Thursday, April 4, 2013

Chapter 3

Chapter 3
(3.1) Personal and social development can have a major influence on both individual student learning and the learning environment as a whole. Identify a case from the CSEL guidelines that you would like to address in your paper. Then, examine the possible developmental factors that could be influencing your target student(s) or classroom in the case study. Consider all dimensions of personal and social development, including cognitive, language,social,emotional, and moral development. 

Case study: 
You are particularly frustrated with a seventh grade group of students that appears to engage less and less with learning and more and more with one of your highly amusing leaders of the class. Cherie is really funny, but does not show good judgment in choosing appropriate times and ways to be funny. Yesterday she tripped Carmen as she passed her desk on the way to get a chair for a guest in our class. The day before, Cherie made rude noises throughout small group presentations. Today Cherie jumped up while Tommy was reading a poem about a battle, a poem that appeared engaging to the majority of the students; she started pretending she was shooting a gun at other students. Several joined in the pretend battle and disrupted the class to the point that Tommy could not finish reading the poem.  

   According to Erikson’s statges of psychologic developemnt, students at the adolescent age become curious about who they will be as an adult. This can be a confusing and awkward time period for middle school students. Many are struggling to find their sense of place, personalities, and where they fit in (Ormrod pg. 71). Students who are acting out in the classroom may be doing so in order to gain attention from myself and other students Cherie may have realized that her peers may have mixed feelings about her, and is therefore acting out in order to gain acceptance from them and make herself look better socially. Cherie may be struggling with discovering her sense of self. According to Ormrod, “adolescents tend to behave in ways that mirror their beliefs about themselves” (Ormrod pg. 68). These beliefs and feelings are largely self-constructed at the middle school age. In relation to Ormrod’s text, Cherie may have a negative self-perception and will be less likely to succeed academically, socially, and phsycially (Ormrod pg. 68). She may not see herself as a good student and therefore may pay less attention, cause problems, and avoid following directions. Also during the middle school age, students are beginning to think logically. Cherie clearly understands the behavior and the reactions she expects to receive from her peers based on that behavior.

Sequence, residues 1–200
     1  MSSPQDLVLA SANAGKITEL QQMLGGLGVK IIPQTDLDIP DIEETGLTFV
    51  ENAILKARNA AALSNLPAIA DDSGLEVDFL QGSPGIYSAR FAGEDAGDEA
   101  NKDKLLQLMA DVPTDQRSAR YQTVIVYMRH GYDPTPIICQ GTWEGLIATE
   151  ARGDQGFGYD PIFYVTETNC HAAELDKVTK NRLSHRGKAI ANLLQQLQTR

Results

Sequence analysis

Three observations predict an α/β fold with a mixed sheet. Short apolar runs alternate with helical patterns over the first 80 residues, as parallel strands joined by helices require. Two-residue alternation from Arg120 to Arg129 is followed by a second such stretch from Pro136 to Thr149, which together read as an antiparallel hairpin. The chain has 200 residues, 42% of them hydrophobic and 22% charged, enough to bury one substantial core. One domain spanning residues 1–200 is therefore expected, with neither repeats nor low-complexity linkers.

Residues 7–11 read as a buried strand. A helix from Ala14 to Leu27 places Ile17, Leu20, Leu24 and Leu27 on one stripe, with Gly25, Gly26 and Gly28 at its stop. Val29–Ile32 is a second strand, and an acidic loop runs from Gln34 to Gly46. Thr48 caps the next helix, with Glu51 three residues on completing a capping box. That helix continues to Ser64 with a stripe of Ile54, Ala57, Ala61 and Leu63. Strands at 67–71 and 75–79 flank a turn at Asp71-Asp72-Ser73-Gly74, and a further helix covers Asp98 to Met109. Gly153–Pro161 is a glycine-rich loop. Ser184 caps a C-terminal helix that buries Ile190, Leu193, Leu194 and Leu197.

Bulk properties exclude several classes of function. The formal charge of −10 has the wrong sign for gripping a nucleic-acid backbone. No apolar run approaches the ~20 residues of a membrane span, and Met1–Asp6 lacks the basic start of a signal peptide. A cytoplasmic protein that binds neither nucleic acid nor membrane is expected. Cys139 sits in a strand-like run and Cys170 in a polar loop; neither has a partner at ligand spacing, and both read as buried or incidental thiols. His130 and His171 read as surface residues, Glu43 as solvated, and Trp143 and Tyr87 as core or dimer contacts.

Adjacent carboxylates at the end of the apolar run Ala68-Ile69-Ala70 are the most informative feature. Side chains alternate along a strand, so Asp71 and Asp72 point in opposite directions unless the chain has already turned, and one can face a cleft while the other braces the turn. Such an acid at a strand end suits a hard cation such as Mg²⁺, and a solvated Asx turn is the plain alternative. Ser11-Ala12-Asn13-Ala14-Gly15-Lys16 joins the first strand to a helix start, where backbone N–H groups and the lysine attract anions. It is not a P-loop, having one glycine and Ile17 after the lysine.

(3.2) Check out tables 3.1 (p. 75), 3.2 (p. 83) and 3.3 (p. 91) with particular attention to the age ranges you are interested in teaching. Identify your personal favorite ways that an educator can promote a child’s sense of self, perspective taking, and moral reasoning skills.

   One strategy that I liked from table 3.3 was "involve students in group projects that will benefit their school or community" (pg 91). I think this is important for many reasons. First, I want to emphasize group work in my classroom so that students have the opportunity to build knowledge off of their peers and also learn from a different perspective. School is also a place to promote and teach social skills to students at this age. It is important that students learn to socially interact with others, as it is an important life skill. They must be able to work and communicate with others throughout their academic careers, and also in their future careers. It would also be an opportunity for students to do something for the community and learn to give back to others. It would be a great way to create well-rounded students. 

   Another strategy that I would implement in my classroom would be to provide them with a supportive and optimistic community that focuses on their potential and success as stated in table 3.1 (pg. 75). The first day of class would be an opportunity for me to get to know each of my students individuality  I would like to know what their goals are, what drives them, what are their strengths and weaknesses, etc. Based on what I learn from my students, I would try to include things that students like in my lessons, and be sure to praise students for their strengths. Helping them build up their weaknesses would also be a part of my role as a teacher in order to maximize student success. I want to be sure to be as positive and encouraging as I can, because those were the type of teachers at my middle school that truly impacted my life in a positive way. 

1 comment:

  1. Shelby,

    I like that you want to take the time at the beginning of each year to get to know your students individually. I think that is so important. By establishing a relationship with each student from day one, it not only makes them feel they matter, but it also helps you to know the dimensions of your students when work begins.